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Volume 15 No. 09
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Accepted Papers

Letters to the Editor

Autocycling During Noninvasive Positive Pressure Ventilation Producing a Prolonged Severe Apnea and Syncope, Further Insights

Susana Mu, MBBS Hons1,2; Mark E. Howard, MBBS, FRACP, GDEB, PhD1,3,4,5; Liam Hannan, MBBS, FRACP, PhD1,2,3,4
1Austin Health, Heidelberg, Victoria, Australia; 2Northern Health, Epping, Victoria, Australia; 3Institute of Breathing and Sleep, Heidelberg, Victoria, Australia; 4Victorian Respiratory Support Service, Heidelberg, Victoria, Australia; 5University of Melbourne, Parkville, Victoria, Australia


Mu S, Howard ME, Hannan L. Autocycling during noninvasive positive pressure ventilation producing a prolonged severe apnea and syncope, further insights. J Clin Sleep Med. 2019;15(9):1379.

We thank Dr Karim and Professor Esquinas for their interest in our case report and we acknowledge that the alternative hypotheses they have proposed have face validity.1 It is certainly suspected clinically, although not confirmed objectively, that the patient described in this report has pulmonary hypertension and it is possible that this contributed to the prolongation of the oxygen desaturation observed during this event.2 We also agree that both response times and, potentially, accuracy (with reference to SaO2) may be better with ear probe pulse oximetry than finger probe. We believe that both the oximetry trace and transcutaneous carbon dioxide trace in combination with the reduction in spontaneous respiratory effort observed during the episode support our conclusion of a prolonged central apnea with associated hypoxaemia being the primary cause of syncope rather than this episode being explained by peripheral vasoconstriction in response to reduced cardiac output. In addition, the sequence of events that occurred on the night would also not support the alternative hypothesis. While we acknowledge that excessive ventilation from autocycling could have increased intrathoracic pressure thus compromising venous return and cardiac output,3,4 syncope occurred only on removal of ventilation rather than while it was applied, making it unlikely that this was the primary cause of syncope although it may have been a contributor to impaired oxygen delivery. This in combination with spontaneous improvement postevent and lack of postevent confusion or disorientation make the likelihood of primary cardiac or neurological explanations for this episode less likely.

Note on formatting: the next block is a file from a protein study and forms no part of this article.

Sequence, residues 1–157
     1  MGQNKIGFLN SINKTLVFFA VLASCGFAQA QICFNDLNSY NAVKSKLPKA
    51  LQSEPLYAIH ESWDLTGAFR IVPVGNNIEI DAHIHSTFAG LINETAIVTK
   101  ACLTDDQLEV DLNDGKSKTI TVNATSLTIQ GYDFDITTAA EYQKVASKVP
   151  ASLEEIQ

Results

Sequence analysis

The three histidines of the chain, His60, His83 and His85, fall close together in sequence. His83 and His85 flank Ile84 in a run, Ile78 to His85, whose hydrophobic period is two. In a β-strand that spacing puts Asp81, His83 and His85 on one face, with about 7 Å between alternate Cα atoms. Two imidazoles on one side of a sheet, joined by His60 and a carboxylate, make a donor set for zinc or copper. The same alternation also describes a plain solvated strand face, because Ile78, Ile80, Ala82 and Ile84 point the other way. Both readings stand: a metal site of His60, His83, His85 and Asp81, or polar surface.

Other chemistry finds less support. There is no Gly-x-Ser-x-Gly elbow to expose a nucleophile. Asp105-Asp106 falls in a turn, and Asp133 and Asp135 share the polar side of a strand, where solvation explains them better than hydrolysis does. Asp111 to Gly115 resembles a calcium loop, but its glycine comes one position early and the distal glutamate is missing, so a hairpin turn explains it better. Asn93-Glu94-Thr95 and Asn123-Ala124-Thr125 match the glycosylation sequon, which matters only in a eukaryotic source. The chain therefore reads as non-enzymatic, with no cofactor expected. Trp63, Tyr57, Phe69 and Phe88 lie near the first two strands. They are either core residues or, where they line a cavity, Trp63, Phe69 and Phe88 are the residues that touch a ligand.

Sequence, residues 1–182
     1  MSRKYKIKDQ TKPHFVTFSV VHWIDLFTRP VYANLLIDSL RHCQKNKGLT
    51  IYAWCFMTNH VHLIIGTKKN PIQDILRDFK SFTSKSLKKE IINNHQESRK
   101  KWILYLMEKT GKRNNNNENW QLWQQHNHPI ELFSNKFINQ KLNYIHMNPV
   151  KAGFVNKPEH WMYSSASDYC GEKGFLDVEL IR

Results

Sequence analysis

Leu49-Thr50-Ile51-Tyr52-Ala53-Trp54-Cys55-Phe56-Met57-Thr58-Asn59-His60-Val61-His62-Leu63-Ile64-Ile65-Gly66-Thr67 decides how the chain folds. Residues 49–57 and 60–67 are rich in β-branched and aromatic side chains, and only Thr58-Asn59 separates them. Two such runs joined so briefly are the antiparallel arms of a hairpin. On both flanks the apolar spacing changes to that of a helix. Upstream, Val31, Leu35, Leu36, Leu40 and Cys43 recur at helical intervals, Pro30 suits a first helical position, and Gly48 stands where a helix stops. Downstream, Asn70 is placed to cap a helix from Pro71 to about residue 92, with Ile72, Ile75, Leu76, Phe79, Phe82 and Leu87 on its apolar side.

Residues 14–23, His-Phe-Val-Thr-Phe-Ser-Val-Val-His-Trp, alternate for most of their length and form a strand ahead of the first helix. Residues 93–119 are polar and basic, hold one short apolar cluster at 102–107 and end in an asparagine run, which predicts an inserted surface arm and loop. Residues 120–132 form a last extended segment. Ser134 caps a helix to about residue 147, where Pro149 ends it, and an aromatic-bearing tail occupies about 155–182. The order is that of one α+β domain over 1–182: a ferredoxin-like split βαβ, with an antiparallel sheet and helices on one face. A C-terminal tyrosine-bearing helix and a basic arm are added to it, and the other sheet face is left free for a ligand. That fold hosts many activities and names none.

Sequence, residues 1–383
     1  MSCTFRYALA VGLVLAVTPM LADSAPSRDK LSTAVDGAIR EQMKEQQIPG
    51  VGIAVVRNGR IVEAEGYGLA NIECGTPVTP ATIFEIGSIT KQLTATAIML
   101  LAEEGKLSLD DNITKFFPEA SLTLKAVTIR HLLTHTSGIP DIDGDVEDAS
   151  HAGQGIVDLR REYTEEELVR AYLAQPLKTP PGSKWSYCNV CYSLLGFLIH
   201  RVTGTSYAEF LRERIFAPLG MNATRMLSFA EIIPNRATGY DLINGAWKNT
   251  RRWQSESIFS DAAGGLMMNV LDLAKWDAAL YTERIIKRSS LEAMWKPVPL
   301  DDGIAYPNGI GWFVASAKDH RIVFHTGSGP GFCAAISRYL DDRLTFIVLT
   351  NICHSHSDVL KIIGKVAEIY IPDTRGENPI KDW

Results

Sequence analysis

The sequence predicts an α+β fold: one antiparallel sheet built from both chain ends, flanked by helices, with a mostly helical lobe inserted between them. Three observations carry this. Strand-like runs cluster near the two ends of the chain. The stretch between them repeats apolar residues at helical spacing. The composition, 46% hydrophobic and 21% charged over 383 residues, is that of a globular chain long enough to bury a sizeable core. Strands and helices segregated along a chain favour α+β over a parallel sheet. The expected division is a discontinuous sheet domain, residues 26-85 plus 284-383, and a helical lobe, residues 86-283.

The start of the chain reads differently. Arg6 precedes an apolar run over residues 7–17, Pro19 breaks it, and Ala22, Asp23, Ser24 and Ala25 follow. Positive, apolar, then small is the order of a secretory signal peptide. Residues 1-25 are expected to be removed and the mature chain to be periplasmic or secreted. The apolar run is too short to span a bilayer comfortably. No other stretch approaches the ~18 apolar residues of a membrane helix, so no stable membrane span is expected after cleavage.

All authors listed have seen and approved the manuscript. The authors report no conflicts of interest.



Mu S, Rautela L, Howard ME, Hannan L. Autocycling during noninvasive positive pressure ventilation producing a prolonged severe apnea and syncope. J Clin Sleep Med. 2019;15(04):663–665


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